Named one of the top 10 places to go in 2014 by Lonely Planet, Malawi is one of the lesser known destinations on the travel guide’s annual list, which includes Brazil, Sweden and the Seychelles. The country is touted for its wildlife and beaches and was made famous by Madonna’s controversial adoption of her son.

But there’s more to Malawi than animal parks, warm sands and Madonna’s adoptions.

malawian-people03IT’S THE WARM HEART OF AFRICA: Malawi didn’t get its nickname with difficulty. Everywhere you go, curious kids will come by and say hi, see what’s happening and dish the dirt with you. Basics of the local language are easy to pick up, and if you try, you’ll be rewarded with a big smile. Now, overt friendliness often arouses suspicion in the world traveler, especially when someone’s trying to sell you tchotckes, there’s hardly any hawking or selling of tacky souvenirs in Malawi — the people are genuinely friendly. The actually mean it when they ask about your family, your home and your interests.

Fun fact, founded in 1964, Malawi has never experienced a civil war.

WHAT CROWDS? Most of the travelers you’ll likely encounter in Malawi are tobacco businessmen or NGO workers — nary a tourist in sight. Even the capital of Lilongwe has the relaxed vibe of a garden. There are very few cars and you can walk to places without feeling overwhelmed or fearful of getting run over. (The country’s commercial capital of Blantyre is much busier).

You can enjoy the pristine views of massive Lake Malawi — known locally as Lake Nyasa, it’s the ninth largest lake in the world — without having your perfect day wrecked by a bunch of vacationers blasting horrible music. Instead, you’ll hear restaurants jamming 1990s pop music such as the Backstreet Boys — otherwise known as “agnsty teen pop from my high school years”.

131216061921-lake-malawi-story-topBECAUSE LAKE MALAWI: This is a legitimate reason. Lake Malawi is simply stunning. Although the country is landlocked, its giant, freshwater lake is its life blood. The sunny beaches are golden and the waters are nearly empty except for a few boats. Lake Malawi is a UNESCO World Heritage Site. It’s home to the largest number of fish species of any lake in the world, thought to be between 500 and 1,000, according to UNESCO. It’s perfect for freshwater snorkeling and diving in clear water. The lake draws in a variety of bird species, as well as hippos, warthogs, baboons and occasional elephants. Not bad company to enjoy the water with (maybe not the hippos).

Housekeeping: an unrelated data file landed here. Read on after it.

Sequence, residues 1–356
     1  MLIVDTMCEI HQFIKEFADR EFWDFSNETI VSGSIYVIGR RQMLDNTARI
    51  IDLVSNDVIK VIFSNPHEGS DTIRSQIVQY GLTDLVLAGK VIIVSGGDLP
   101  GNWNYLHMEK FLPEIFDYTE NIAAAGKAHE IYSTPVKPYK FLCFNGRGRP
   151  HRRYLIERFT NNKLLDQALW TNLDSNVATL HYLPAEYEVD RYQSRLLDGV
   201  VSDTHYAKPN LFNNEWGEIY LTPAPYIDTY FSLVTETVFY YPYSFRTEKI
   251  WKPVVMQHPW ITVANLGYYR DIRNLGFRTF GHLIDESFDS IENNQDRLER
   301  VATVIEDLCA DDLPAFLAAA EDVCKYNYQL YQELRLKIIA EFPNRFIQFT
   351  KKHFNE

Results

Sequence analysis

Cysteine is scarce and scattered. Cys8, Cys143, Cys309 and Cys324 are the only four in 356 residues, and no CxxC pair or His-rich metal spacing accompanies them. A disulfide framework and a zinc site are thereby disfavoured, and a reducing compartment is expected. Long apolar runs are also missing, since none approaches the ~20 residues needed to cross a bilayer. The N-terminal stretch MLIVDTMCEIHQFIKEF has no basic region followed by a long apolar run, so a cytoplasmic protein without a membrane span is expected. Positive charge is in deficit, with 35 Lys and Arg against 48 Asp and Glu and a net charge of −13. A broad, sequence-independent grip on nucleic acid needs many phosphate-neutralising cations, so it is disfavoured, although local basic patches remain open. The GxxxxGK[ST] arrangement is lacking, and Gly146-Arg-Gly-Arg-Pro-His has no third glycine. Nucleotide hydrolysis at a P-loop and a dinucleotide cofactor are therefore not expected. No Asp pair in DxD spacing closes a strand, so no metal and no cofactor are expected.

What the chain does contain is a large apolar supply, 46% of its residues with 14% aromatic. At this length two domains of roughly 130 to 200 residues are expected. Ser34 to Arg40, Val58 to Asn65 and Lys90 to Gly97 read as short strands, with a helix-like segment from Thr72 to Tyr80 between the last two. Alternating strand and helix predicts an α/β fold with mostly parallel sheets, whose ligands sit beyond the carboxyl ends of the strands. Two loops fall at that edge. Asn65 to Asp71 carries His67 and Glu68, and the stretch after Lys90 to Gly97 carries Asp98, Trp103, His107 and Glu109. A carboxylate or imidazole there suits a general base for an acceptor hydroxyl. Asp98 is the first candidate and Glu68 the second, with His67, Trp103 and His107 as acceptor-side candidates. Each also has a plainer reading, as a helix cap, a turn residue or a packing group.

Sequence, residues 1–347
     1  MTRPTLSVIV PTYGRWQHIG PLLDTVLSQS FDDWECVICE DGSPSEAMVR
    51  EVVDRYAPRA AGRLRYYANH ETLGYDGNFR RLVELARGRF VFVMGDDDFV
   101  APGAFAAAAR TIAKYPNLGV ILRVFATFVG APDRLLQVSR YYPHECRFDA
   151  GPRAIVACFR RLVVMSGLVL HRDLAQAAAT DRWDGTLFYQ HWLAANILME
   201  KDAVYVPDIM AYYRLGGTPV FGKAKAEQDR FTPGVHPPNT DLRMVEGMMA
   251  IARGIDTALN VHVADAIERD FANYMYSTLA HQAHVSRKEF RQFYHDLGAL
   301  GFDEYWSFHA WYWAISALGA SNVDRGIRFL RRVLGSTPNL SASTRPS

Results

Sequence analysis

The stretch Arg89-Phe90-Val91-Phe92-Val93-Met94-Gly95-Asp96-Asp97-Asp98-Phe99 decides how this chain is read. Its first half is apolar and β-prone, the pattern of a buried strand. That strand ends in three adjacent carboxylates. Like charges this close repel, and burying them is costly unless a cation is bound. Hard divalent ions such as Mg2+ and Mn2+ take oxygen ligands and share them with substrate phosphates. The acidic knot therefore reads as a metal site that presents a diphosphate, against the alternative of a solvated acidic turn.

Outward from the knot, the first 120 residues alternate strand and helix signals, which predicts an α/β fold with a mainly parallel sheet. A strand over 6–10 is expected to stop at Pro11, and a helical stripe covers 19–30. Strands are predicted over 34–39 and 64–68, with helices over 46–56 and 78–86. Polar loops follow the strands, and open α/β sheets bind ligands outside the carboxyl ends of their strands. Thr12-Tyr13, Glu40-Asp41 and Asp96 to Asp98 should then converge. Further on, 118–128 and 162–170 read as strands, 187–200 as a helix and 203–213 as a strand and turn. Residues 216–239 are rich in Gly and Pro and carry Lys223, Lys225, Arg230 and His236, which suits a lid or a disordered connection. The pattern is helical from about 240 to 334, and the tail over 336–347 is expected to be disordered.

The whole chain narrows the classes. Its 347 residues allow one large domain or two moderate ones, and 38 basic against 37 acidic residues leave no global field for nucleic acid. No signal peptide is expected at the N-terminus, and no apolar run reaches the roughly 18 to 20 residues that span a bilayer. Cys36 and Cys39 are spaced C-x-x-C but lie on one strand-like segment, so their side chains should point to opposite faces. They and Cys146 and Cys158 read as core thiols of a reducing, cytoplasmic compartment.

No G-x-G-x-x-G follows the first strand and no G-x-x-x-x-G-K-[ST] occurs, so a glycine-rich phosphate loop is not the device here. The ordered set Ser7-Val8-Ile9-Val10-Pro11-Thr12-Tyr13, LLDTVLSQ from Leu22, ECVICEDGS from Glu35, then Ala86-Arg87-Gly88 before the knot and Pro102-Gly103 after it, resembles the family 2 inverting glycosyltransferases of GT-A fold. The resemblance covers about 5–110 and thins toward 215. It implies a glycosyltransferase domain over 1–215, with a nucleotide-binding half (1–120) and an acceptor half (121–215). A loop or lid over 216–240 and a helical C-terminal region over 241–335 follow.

FULLY REHABILITATED GAME PARKS & RESERVES: “Malawi is not a wildlife destination, it’s not Masai Mara, but that’s changing,” says Rob McConaghy of Ulendo, a travel group operating in Malawi. “Majete National Park is run as a private park and has reintroduced so much game, you can see the Big Five now.”


Tour companies offer safaris in parks and reserves that include eco-friendly trips, mountain biking, horseback riding and traditional housing stays. One of the best known parks is Majete Wildlife Reserve, which became a target for poaching that continued into the 1990s. By the 2000s, thanks to a partnership between the government and a non-profit organization, the park was repopulated and rehabilitated.

ITS JUST THE VIBE OF THE PLACE: Malawi is, in large part, a place of peace and quiet, without the traffic jams and hassles of city life. The country is largely rural; only 15.7% of the population live in urban areas. Clear skies and bright stars make it thrilling for star gazers. The trend is toward self-drive holidays — visitors rent cars and drive themselves through the country. “As a country, people perceive Malawi being safe, stable and peaceful,” says McConaghy. “It gives an impression of a nice, warm friendly country to travel in.”

Have you been to Malawi? What were your impressions? If you haven’t been, would you like to go?

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